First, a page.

EU Economic Governance and Globalization

EU Economic Governance and Globalization

Edited by Miriam L. Campanella and Sylvester Eijffinger

It is through a gradual evolution, rather than by grand design, that the somewhat fragmented economic policies of the EU now appear to be heading towards a rather more robust and coherent economic governance. EU Economic Governance and Globalization considers the following crucial question as the EU enters its final stage of institution-building; will the economic institutions of the EU push ahead to reform its rigid national economies and open them up to globalization and international competition?

Chapter 7: Euro weakness and the ECB economic governance: a strategic institutionalist perspective

Miriam L. Campanella

Subjects: economics and finance, political economy, politics and public policy, political economy

Extract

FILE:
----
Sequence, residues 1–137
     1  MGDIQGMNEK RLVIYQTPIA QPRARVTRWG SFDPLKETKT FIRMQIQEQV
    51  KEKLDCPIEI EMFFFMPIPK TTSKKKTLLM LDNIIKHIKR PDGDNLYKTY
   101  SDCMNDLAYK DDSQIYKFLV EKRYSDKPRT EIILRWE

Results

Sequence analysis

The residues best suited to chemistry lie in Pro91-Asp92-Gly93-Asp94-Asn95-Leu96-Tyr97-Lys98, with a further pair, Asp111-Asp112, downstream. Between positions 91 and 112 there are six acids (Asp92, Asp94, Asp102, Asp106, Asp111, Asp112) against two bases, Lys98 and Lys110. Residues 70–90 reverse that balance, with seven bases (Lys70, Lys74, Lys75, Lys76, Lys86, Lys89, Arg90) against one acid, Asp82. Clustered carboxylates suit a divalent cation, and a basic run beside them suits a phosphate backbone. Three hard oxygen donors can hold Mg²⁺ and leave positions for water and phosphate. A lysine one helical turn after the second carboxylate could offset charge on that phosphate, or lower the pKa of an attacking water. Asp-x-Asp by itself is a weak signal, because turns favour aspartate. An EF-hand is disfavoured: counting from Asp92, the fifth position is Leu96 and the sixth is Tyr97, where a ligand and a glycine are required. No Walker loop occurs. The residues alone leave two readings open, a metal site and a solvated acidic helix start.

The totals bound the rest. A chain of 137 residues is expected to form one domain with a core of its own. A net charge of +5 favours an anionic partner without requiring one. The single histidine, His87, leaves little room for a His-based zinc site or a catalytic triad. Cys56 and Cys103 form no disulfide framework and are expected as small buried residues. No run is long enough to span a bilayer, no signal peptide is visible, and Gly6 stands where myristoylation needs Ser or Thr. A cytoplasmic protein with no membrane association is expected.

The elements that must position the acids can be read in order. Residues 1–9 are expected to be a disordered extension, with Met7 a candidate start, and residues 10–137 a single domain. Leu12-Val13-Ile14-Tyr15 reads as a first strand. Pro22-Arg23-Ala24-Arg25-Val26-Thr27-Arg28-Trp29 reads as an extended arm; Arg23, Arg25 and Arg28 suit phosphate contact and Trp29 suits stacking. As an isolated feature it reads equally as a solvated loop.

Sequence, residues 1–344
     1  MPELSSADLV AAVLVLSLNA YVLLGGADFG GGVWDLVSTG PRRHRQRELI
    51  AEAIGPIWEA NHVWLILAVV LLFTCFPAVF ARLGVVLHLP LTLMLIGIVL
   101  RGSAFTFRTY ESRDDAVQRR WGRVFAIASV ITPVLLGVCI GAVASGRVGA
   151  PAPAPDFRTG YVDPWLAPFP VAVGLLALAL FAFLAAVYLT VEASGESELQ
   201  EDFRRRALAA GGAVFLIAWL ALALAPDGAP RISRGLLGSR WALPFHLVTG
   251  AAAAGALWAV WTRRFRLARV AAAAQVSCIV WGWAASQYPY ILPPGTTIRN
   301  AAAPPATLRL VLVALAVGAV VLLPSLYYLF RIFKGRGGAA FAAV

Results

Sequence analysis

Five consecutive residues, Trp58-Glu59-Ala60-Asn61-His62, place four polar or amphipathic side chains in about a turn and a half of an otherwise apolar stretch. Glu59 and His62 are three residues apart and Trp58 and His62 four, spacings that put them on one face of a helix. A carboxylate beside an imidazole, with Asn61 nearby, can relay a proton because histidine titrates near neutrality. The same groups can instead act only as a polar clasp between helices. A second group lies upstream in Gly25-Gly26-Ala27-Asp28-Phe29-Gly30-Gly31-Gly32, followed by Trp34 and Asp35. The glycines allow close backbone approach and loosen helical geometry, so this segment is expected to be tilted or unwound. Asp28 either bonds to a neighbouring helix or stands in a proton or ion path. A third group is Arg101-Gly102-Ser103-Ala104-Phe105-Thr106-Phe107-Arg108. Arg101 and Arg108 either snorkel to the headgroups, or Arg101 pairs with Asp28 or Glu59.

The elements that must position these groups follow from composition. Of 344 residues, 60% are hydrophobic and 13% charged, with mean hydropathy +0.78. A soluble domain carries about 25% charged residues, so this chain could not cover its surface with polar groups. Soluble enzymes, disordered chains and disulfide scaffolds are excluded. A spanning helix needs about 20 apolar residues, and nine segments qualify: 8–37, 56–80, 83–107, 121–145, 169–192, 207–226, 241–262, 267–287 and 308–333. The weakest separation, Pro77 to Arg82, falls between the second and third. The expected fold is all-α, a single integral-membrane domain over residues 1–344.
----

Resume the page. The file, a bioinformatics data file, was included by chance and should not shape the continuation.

Miriam L. Campanella INTRODUCTION In transaction cost economics (Williamson, 1975; Ouchi, 1980; Perrow, 1981), economic governance is intended to be a remedial tool for market failures. Either when carried out by state-led institutions or when assigned to independent central agencies, mechanisms of economic governance are meant to restore the terms of market competition and (or) regulate the structure of property rights (North, 1981). European economic integration has given rise to a unique example of evolutionary economic governance generated by supranational institutions designed to deliver and monitor regulatory legislation in sensitive sectors of common interest, ranging from safety standards to market competition, which have normally been the exclusive province of national states. This chapter argues that the ECB, a major EU-level institution designed to take charge of the Euro area monetary policy, has managed its monetary policy beyond the limit maintenance of price stability,1 a major objective of its statutory assignments, keeping the Euro area interest rate policy in tune with macroeconomic responsibility. Whether this attitude developed from the objective rigidities of the European economy and the strictures of its fiscal policy, as some authors have argued (Begg et al., 2002), or from the idiosyncrasy of the monetary area, which made it hard to pursue an inflation rate of less than 2 per cent, it is a matter of fact that the inflation reference value which the bank set as a self-defined target was not achieved. Further, the constant weakness of the Euro on exchange foreign markets...

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